Elliot Rook QC is one of the greatest barristers of his generation.
He is also a complete fraud.
Elliot Rook is the epitome of a highly successful, old Etonian QC. Or so everyone believes. In fact, he is an ex-petty criminal with a past that he has spent decades keeping secret. Until now.
An unidentified young woman of Middle Eastern origin has been found murdered on the outskirts of Rook’s home town. Billy Barber – a violent football hooligan and white-supremacist – is accused of her murder. Barber insists that Rook must defend him. If Rook refuses, Barber will expose him, bringing crashing to the ground the life and career that Rook has spent his life building.
The truth is there for the finding. But at what cost?
With thanks to the publisher for the copy received. I enjoy reading legal thrillers and obviously find some better than others. Beyond Reasonable Doubt is definitely one of the better ones that I have read.
Rook is silk and he isn’t like any of the others he works with. He isn’t Eton educated and he has a dubious past that he is determined will stay hidden. When he takes on a junior who is from the area he is brought up in and simultaneously is forced into defending a man from his past it appears that everything will be revealed.
One of the reasons this novel works so well is because Rook obviously has problems. There is his past, which only a few are aware of, his marital breakdown, his drinking and his weight. This isn’t a man who is clean and guilt free. He doesn’t have many friends in his profession and it doesn’t bother him. Zara, his junior, is the only one he really gets on with.
The case itself is a grim one. Racism at its worst and it’s something you expect to read about on a daily basis. The language and threat made me cringe and I had to admire Zara for putting up with it.
I liked the Nottingham setting. A mining community that no longer exists and has no prospects. Lives ruined, tragic events leading to loss of life and something I had never even considered and wondered if it was true. Football chants aimed at strike breakers.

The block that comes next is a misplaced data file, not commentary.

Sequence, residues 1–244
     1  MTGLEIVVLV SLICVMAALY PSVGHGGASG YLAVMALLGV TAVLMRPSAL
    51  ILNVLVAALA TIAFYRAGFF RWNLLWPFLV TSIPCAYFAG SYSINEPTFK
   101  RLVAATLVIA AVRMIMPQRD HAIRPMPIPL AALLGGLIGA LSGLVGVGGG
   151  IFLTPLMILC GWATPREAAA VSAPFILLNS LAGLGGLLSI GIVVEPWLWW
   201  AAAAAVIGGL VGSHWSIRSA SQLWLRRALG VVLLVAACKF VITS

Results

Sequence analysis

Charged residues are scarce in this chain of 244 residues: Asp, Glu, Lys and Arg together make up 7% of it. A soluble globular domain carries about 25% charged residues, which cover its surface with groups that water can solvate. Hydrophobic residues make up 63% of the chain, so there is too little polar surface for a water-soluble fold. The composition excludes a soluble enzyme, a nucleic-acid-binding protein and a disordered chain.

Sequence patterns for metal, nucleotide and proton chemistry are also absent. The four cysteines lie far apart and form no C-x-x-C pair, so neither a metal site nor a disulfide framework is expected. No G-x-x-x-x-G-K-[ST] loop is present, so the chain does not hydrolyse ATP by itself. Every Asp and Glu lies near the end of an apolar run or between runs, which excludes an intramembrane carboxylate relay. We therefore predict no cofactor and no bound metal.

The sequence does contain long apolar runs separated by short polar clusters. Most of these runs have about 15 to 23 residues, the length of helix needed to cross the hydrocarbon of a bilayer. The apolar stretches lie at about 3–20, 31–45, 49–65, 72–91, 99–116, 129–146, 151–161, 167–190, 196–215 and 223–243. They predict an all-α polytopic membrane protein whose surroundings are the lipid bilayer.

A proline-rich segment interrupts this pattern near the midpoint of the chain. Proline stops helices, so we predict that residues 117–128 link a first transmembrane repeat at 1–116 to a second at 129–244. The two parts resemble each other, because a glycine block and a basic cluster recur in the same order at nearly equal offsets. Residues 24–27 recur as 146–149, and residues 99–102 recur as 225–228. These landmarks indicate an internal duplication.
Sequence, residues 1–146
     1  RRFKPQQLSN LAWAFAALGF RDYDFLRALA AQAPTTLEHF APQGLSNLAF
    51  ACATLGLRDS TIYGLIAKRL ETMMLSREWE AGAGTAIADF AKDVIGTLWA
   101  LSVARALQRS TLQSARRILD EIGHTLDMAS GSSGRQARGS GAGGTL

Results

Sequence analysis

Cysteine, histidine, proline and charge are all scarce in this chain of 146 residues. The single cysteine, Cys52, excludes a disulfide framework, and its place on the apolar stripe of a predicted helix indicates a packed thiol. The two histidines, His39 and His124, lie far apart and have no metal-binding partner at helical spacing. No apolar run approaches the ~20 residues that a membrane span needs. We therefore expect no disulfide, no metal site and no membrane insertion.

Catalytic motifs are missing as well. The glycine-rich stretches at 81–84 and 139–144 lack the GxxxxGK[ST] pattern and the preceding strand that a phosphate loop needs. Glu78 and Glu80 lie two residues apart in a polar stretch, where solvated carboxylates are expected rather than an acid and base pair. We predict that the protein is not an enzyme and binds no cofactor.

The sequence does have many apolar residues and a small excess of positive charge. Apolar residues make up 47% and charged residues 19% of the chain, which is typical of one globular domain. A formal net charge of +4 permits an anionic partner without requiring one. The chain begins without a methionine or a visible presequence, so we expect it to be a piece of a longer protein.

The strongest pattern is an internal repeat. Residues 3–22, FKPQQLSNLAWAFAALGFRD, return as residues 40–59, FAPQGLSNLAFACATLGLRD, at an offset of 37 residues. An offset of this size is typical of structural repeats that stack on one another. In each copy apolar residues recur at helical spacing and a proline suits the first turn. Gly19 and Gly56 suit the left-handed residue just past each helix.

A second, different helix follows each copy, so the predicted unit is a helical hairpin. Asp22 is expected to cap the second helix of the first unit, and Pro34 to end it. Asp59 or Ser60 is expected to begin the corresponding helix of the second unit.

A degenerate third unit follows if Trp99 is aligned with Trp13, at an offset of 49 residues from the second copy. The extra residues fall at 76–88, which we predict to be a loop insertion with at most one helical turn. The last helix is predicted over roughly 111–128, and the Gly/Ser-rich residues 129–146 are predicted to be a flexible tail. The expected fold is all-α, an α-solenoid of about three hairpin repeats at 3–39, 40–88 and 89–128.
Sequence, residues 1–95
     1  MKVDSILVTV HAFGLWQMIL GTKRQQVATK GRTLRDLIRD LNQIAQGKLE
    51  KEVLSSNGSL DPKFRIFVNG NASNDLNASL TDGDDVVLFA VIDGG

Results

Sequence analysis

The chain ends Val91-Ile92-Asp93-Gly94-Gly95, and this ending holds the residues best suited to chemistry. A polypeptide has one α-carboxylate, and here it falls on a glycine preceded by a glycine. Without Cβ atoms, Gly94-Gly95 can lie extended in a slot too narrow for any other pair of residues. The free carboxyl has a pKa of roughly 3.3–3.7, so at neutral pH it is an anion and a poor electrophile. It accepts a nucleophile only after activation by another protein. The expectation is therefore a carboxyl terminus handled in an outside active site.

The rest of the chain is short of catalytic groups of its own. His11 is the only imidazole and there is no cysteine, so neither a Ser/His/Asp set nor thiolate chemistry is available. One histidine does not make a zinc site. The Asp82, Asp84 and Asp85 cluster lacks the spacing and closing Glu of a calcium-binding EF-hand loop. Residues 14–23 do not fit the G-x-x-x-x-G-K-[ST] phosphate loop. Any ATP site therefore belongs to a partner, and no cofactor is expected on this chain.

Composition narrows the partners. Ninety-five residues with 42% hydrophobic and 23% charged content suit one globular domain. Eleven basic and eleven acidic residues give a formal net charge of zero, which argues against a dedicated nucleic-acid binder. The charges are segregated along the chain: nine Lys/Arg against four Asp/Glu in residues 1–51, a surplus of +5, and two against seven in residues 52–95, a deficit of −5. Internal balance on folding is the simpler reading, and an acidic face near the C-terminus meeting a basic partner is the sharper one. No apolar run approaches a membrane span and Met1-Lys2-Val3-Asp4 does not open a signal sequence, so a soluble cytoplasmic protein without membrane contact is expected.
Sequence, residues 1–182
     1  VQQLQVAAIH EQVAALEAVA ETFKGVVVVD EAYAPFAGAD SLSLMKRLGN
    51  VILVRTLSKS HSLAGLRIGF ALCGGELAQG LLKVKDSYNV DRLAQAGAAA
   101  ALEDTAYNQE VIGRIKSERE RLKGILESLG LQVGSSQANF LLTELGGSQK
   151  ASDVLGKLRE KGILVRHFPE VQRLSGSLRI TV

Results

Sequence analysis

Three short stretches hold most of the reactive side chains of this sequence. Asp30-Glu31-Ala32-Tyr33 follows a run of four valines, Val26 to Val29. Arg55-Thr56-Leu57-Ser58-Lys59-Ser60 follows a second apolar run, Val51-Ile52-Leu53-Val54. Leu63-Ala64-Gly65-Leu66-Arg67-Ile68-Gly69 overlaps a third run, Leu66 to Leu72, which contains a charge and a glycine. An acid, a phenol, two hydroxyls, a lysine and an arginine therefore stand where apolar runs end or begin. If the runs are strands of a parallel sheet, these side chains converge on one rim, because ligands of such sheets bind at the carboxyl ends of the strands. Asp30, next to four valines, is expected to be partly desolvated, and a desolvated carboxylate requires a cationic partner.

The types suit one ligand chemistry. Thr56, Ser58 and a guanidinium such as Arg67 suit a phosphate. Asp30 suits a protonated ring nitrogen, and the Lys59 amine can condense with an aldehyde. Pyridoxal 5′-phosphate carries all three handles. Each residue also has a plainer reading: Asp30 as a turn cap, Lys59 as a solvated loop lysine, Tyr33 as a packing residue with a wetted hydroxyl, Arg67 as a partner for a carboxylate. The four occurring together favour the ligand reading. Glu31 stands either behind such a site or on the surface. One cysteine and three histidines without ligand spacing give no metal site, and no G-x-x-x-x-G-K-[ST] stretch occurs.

Is prisoner Ruth Butterham mad or a murderer? Victim or villain?
Dorothea and Ruth.
Prison visitor and prisoner. Powerful and powerless.
Dorothea Truelove is young, wealthy and beautiful. Ruth Butterham is young, poor and awaiting trial for murder.
When Dorothea’s charitable work leads her to Oakgate Prison, she is delighted with the chance to explore her fascination with phrenology and test her hypothesis that the shape of a person’s skull can cast a light on their darkest crimes. But when she meets teenage seamstress Ruth, she is faced with another theory: that it is possible to kill with a needle and thread. For Ruth attributes her crimes to a supernatural power inherent in her stitches.
The story Ruth has to tell of her deadly creations – of bitterness and betrayal, of death and dresses – will shake Dorothea’s belief in rationality, and the power of redemption.
Can Ruth be trusted? Is she mad, or a murderer?
The Corset is a book that contains everything I love in fiction. Historical crime with a gothic twist. It also is convincing portrayal of how difficult it was for those who lived in poverty and the attitudes towards women at the time.
The two women concerned, Dorothea who is a wealthy and single socialite is fascinated by phrenology. She engages in good deeds at the women’s prison and uses the women there to learn more about it. Ruth is one of the young women who she meets and she is the one who intrigues her the most. Because she has been accused of and admitted to murder. The method that Ruth describes is different to every type of murder and as you read her story more is revealed.